“I thought it was unbelievably fabulous. I want to see it again.” – The Indiana Daily Student

Vox Lumiere brings silent movies to life

Allison Tyra – The Indiana Daily Student

Performance group Vox Lumiere’s signature shows are rock concerts built around silent movies, and Friday night’s “The Hunchback of Notre Dame” at the Buskirk-Chumley Theater was no exception.

The 1923 Lon Chaney classic, combined with live performers, original music and multimedia projections, gave audience members a unique experience.

“I thought it was unbelievably fabulous,” said Bloomington Area Arts Council executive director Pamela Keech. “I want to see it again.”

Individual performers acted as the voices of various primary characters, such as the beautiful Esmeralda, handsome Phoebus, wicked Jehan and, of course, the title character, Quasimodo.

“I thought Lawson was the best part,” said audience member Brooke Fuller, referring to the singer who voiced Clopin, Esmeralda’s adopted father and the leader of the Court of Miracles, an underground society of outcasts.

From the peal of bells that opened the evening with the Festival of Fools to the end, when Quasimodo rang his own death knell, the visual imagery and auditory stimuli kept audience members riveted throughout the two-hour performance.

“The whole thing was fantastic,” Keech said. “It was so grand and so amazing.”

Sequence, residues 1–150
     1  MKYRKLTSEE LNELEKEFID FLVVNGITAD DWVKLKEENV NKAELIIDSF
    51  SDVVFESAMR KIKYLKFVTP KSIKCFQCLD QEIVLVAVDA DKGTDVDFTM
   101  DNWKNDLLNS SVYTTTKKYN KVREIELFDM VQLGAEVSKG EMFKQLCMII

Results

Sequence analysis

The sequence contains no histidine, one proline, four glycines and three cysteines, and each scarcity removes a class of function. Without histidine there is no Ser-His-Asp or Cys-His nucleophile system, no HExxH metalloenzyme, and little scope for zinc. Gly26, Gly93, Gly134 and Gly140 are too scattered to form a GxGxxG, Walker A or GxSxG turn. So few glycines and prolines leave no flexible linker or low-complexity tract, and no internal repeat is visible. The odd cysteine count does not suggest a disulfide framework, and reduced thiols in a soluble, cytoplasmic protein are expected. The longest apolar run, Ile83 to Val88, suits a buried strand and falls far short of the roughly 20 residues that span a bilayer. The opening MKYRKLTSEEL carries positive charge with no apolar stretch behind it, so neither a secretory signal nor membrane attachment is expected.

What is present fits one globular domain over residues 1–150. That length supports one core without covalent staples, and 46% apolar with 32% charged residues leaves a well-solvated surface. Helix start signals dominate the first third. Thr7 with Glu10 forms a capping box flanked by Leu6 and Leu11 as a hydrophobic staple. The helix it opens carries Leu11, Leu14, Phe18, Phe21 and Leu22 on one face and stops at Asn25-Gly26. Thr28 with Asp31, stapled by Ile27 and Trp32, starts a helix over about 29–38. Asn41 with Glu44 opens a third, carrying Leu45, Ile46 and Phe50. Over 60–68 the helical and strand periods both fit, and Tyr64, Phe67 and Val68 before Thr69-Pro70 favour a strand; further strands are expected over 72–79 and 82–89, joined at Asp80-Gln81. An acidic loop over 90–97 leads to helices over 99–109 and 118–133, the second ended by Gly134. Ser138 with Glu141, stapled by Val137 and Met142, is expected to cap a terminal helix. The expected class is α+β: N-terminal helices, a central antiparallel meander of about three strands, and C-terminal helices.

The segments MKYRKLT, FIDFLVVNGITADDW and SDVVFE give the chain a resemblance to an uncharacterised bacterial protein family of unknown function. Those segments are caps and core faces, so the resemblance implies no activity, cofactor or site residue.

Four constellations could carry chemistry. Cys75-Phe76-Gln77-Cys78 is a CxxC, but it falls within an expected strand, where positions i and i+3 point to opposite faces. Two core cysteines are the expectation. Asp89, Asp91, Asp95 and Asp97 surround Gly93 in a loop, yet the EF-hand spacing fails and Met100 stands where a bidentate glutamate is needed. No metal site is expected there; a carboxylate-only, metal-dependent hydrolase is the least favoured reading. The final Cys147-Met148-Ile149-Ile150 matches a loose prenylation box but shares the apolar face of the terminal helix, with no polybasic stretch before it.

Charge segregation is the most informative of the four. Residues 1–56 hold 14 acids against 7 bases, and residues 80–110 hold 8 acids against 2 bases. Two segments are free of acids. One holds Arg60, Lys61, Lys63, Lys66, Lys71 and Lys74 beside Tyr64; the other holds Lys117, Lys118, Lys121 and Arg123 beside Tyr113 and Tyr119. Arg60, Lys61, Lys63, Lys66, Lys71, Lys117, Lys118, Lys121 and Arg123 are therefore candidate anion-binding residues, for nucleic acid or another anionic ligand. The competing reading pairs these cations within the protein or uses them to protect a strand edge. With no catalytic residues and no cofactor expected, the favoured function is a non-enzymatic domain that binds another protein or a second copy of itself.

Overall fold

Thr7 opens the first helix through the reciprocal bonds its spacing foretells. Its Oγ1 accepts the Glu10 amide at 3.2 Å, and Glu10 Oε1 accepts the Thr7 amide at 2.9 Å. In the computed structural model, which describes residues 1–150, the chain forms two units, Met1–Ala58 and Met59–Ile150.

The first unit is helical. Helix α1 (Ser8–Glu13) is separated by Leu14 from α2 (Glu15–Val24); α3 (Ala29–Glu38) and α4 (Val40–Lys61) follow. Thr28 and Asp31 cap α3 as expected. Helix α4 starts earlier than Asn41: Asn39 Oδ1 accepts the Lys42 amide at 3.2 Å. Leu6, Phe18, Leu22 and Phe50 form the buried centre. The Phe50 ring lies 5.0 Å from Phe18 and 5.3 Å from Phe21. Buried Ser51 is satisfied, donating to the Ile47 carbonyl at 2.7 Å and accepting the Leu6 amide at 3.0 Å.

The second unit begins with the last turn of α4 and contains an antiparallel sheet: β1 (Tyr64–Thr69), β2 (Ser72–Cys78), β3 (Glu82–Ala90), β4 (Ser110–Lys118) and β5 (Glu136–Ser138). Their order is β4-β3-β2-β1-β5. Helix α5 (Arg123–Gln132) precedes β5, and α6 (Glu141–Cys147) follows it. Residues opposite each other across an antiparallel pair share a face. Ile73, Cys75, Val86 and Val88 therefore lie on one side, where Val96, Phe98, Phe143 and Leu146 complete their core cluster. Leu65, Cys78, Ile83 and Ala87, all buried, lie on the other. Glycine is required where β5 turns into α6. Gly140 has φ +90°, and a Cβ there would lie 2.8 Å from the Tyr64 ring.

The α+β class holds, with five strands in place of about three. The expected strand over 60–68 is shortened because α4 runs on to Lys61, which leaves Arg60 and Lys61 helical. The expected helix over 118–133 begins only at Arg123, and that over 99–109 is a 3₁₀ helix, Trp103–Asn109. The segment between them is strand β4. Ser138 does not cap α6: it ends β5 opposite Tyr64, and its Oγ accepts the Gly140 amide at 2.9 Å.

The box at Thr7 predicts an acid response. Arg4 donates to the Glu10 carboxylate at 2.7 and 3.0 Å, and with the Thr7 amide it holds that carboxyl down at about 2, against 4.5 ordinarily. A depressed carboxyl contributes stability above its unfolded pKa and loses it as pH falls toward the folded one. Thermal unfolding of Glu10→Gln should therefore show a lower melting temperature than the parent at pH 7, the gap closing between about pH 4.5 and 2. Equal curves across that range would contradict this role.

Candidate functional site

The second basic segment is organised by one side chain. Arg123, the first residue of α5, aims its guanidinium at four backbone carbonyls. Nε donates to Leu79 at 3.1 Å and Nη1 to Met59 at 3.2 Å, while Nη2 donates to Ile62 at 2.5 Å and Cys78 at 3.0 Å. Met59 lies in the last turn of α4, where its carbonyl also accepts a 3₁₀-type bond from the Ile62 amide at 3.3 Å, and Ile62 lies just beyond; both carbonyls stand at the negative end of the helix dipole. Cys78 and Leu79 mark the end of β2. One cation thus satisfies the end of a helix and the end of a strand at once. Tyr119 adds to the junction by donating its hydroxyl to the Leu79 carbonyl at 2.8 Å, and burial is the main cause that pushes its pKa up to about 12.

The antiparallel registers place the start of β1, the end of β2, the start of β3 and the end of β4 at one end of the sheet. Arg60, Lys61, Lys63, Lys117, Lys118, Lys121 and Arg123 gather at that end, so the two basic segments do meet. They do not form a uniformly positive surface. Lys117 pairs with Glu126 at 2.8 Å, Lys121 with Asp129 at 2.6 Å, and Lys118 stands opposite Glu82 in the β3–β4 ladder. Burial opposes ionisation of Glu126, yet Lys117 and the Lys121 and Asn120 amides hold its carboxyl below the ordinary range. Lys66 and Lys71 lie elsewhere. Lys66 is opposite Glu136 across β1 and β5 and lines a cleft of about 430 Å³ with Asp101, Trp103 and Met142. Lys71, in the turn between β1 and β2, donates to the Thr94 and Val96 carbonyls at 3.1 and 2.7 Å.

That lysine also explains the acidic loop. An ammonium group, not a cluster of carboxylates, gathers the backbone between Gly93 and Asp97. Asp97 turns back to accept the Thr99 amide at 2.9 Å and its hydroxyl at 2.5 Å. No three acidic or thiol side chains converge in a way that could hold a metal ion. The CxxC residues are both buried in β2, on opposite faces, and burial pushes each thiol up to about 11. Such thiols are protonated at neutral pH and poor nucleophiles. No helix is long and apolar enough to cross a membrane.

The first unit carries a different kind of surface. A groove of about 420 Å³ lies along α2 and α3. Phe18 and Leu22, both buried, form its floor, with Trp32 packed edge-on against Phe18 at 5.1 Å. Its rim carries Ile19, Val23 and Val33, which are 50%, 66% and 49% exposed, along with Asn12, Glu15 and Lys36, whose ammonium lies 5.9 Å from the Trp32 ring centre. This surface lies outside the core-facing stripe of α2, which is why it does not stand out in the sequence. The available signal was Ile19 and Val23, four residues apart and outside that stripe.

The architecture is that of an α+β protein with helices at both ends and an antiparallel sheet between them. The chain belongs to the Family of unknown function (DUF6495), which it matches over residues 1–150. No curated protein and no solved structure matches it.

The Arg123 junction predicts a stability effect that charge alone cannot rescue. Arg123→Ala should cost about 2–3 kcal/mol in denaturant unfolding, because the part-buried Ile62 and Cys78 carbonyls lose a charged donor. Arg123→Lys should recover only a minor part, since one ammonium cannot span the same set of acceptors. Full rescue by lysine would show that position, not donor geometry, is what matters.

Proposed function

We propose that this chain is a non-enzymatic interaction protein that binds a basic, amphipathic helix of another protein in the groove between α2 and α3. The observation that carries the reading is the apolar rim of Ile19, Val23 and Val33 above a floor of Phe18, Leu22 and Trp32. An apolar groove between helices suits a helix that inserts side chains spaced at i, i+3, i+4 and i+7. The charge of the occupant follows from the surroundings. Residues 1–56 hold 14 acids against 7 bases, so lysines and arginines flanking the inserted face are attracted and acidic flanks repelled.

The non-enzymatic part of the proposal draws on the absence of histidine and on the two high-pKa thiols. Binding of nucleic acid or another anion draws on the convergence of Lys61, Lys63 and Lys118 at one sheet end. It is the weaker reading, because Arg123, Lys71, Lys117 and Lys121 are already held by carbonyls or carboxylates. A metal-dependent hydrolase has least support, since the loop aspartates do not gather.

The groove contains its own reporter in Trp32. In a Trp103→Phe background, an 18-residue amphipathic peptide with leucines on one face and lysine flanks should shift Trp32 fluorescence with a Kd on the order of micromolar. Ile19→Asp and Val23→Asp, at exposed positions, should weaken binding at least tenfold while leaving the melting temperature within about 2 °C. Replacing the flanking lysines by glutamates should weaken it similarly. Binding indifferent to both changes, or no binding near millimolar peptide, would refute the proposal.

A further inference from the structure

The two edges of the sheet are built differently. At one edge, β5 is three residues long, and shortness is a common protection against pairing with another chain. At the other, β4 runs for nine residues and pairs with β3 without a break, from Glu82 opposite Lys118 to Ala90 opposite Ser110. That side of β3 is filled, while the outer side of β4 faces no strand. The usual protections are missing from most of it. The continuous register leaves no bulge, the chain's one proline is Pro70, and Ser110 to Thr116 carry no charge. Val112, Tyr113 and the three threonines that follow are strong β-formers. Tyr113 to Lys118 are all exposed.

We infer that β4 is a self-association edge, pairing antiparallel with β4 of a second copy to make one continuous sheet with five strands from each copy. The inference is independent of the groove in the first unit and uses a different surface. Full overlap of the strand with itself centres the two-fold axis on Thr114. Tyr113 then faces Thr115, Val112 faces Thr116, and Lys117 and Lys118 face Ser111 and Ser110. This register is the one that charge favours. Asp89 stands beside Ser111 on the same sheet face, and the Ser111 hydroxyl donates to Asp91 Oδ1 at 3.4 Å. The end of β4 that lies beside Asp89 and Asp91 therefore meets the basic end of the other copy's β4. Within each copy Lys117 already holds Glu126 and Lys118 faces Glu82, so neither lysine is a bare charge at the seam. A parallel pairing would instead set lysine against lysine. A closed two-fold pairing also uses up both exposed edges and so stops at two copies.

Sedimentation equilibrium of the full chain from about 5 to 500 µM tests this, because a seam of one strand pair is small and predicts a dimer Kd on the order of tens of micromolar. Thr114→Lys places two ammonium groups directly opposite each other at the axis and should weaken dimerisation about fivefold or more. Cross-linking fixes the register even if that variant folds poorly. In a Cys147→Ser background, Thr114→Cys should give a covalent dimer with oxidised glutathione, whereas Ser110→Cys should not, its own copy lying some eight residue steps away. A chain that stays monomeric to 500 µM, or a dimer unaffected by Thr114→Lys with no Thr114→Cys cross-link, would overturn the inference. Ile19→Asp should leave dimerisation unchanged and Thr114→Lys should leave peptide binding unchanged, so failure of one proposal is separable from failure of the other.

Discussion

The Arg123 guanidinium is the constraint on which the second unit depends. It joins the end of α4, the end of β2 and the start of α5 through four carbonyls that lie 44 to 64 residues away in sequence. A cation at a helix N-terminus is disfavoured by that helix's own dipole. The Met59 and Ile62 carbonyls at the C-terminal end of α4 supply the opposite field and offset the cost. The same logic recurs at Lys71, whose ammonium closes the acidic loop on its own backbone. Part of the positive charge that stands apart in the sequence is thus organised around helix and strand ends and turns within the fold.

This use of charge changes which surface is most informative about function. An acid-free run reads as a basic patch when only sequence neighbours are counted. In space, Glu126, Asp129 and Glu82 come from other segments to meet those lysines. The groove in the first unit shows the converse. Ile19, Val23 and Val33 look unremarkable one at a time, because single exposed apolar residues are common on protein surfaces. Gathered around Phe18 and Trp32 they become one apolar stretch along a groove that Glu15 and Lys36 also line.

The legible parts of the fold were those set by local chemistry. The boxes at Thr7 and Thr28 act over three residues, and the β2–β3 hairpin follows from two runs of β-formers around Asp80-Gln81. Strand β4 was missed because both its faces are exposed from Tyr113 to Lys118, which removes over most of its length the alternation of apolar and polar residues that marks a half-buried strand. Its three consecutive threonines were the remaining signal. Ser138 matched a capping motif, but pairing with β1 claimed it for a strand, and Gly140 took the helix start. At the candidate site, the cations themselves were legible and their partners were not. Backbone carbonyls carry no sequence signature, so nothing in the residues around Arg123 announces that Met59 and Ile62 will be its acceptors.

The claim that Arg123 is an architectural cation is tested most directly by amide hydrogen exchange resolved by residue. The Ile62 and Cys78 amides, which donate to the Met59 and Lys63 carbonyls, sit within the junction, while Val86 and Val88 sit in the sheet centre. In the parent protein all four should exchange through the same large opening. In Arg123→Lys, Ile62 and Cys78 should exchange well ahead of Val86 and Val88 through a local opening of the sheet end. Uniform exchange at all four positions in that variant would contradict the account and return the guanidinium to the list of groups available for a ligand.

The climax came as Clopin leads the Court of Miracles in a march on the cathedral to rescue Esmeralda from the king’s soldiers.

Vox Lumiere creator and executive producer Kevin Saunders Hayes composes the music and lyrics for every performance and said the visual aspect is just as

important to the performance’s impact as the songs he writes.

The costumes were primarily black with silver and red accents, including several crosses and an angel pattern on Lawson’s shirt. Hayes said the imagery was important to evoking an emotional response to the performance.

“Obvious or not, it’s the imagery of the cathedral,” he said. “Whether you’re religious or not, there’s a lot of power and history in those icons.”

While the movie played on the middle of three overhead screens, other images were projected onto the other two, enhancing the experience with images that established the setting – such as the Rose Window of Notre Dame and people in the streets during the Festival of Fools – as well as evocative images, such as stained-glass apostles, angelic statues or the pictures of Jesus on the cross during a scene in which Quasimodo was tied down in the square after being beaten.

Meanwhile, guitarists and a drummer accompanied the performers singing and dancing onstage.

While the combined overall effect might be complicated to explain if someone has never seen it before, it is simple to describe.

“It’s basically just magic,” Hayes said. “Vox Lumiere is all about emotion. … I don’t want you to get in your head. I want you to stay in your heart the whole time.”